IRONMAN New snorkel rule no longer allowing medical exception ..picking and choosing which disabilities it will accomadate. A letter to the United States Justice Department

As of March 1, 2016 IRONMAN (IM), under the World Triathlon Corporation (WTC), a subsidiary of the Chinese Wanda Group changed their policy regarding the use of a snorkel during the swim portion of the race. The rule change prohibits the use of a snorkel under any circumstance. In excess of ten years prior to March 1, 2016 the use of a snorkel was allowed with a medical exemption to allow an athlete with a physical disability to participate with the understanding that the individual using the snorkel would be exempt from any podium placement or from qualifying for a World Championship race slot. The disqualification from any possible accolade eliminated any possible advantage that the snorkel might possibly provide. Therefore, the only advantage to using a snorkel would be the medical necessity of its use to participate. This rule change is in direct violation of American’s with Disabilities Act of 1990 which states that reasonable accommodations, which is a change in the way things are typically done that the person needs because of a disability. For over a decade prior to March 1, 2016 IM and WTC were compliant with this act and made accommodations for athletes who had medically documented needs to use a snorkel to overcome disabilities to be allowed to participate. Now the organization is no longer compliant. I thought that perhaps IM did not realize the legality issue of the recent rule change and emailed them directly to address the issue. I emailed athlete services and was told that my email had been forwarded to the Global Operations Director and that she would be in contact with me soon. It has been more than three weeks and she has yet to respond. Athlete services has granted me the permission to participate with the snorkel with my medical documentation of disability in the events that I had signed up for under the previous policy but not moving forward. Moving forward I was told there will be no exception or allowance of the use of a snorkel. I also communicated directly with Jimmy Riccitello, IM’s head referee. I explained to him at length how the rule change discriminates against me and other athletes with physical disabilities. He stated that there are no plans to change the rule to allow snorkels. IRONMAN is the number one user-based sport brand in the world. IM’s marketing plan is based on the theme that “Anything Is Possible.” They market physically challenged athletes and celebrates the overcoming of challenges. They spotlight “everyday heroes” in the World Championship race in Kona, Hawaii. The organization works closely with the Challenged Athlete Foundation and accommodates physically challenged athletes to allow them to participate in their events. A few examples of accommodations include: - the use of a rope during the swim to tether a blind athlete to a guide - modified bicycles, tricycles to accommodate physical challenges - prosthetics - etc The rule change to no longer allow the use of a snorkel for an athlete with a medical necessity is blatant discrimination. Picking and choosing which disabilities IM is going to accommodate with reasonable accommodations is unacceptable. Especially given the fact that IM markets and celebrates disabilities that are easily seen and discriminates against an “invisible” disability. The following are examples of disabilities that make a snorkel medically necessary. This list is not all inclusive, just a very small sampling of reasons. Joe has had a double lung transplant. Inhaling water is a major concern for his lung health. However, the use of a snorkel minimizes this risk and has been approved by his doctor to effectively allow him to continue to participate in a sport that improves his quality of life. Mark had neck surgery and under the advisement of his neurosurgeon is not to swim without a snorkel to prevent reinjury. He has participated successfully with the use of a snorkel for the past six years. Emily has trigeminal neuralgia, an extremely painful facial pain condition. The pain is triggered by changes in pressure and touch. The constant motion of swimming without a snorkel is excruciating. The use of a snorkel allows her to keep her head in the water eliminating the trigger for her disabling condition. And I have rheumatoid arthritis and cervical degenerative disc disease with left sided radiculitis exacerbated by repeated cervical spine rotations as needed to breathe in freestyle swimming. Along with severe headaches caused by repeated cervical spine rotations. It is disabling to the point of loosing arm function. It physically disables me for days. However, the use of a snorkel eliminates the problem and I am able to swim safely. These athletes and many like them are not asking for anything extraordinary. Only that Ironman follow their own previously stated rule and allow for reasonable accommodations for an athlete with a physical disability in which a snorkel would allow them to participate. It is my hope that you to will see that the new rule change regarding the use of a snorkel by Ironman under the World Triathlon Corporation is a violation of the Americans with Disabilities Act and help persuade them to reconsider and reinstate the medical exemption. Thank you for your consideration, Jodi Pettit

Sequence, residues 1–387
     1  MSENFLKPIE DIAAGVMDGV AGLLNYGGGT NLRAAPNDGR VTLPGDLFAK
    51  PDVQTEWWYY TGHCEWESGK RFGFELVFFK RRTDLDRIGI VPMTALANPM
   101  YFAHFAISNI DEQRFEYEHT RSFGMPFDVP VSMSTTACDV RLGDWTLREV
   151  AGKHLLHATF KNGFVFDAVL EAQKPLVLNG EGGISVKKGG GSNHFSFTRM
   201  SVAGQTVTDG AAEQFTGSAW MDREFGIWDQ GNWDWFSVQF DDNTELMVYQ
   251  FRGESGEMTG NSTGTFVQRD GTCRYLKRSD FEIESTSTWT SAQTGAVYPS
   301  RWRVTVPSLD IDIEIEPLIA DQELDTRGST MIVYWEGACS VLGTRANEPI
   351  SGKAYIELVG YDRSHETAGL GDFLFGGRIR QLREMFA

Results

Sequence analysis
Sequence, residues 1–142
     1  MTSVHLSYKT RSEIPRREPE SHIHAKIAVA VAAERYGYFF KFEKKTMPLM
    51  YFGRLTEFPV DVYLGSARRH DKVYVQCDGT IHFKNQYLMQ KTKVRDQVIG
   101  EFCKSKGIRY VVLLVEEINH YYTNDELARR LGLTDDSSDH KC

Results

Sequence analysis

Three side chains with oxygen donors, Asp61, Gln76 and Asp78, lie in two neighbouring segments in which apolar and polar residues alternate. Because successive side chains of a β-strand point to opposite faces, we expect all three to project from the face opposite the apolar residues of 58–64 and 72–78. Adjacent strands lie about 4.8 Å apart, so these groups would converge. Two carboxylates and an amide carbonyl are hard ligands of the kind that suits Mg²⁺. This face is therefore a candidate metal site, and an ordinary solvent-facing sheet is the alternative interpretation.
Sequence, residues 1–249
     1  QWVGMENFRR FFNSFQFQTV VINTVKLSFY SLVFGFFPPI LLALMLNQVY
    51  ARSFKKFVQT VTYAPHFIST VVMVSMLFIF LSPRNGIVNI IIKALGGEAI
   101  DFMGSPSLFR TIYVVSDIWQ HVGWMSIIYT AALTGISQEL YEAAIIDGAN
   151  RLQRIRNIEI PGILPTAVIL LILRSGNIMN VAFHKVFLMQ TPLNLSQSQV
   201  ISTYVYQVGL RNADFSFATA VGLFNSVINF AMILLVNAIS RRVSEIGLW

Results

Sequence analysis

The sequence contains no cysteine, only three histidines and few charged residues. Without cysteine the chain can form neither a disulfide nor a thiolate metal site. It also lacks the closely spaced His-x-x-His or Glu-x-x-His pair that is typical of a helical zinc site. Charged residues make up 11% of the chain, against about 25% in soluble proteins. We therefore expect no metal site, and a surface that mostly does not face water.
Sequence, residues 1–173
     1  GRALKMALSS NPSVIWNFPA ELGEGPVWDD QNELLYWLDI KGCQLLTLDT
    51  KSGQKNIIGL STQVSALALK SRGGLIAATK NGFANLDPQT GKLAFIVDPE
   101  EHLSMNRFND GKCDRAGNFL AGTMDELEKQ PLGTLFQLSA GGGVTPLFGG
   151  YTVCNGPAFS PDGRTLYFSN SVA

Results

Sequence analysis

Marathon Story from the Deseret News

Here is the link to the story in the Deseret News http://www.deseretnews.com/article/865618580/South-Jordan-mom-eyes-Boston-Marathon-despite-debilitating-disease.html?pg=all

Moving With Purpose

The National Arthritis Foundation Published a very nice and inspiring story about me. Here is the Link: http://www.curearthritis.org/moving-with-purpose/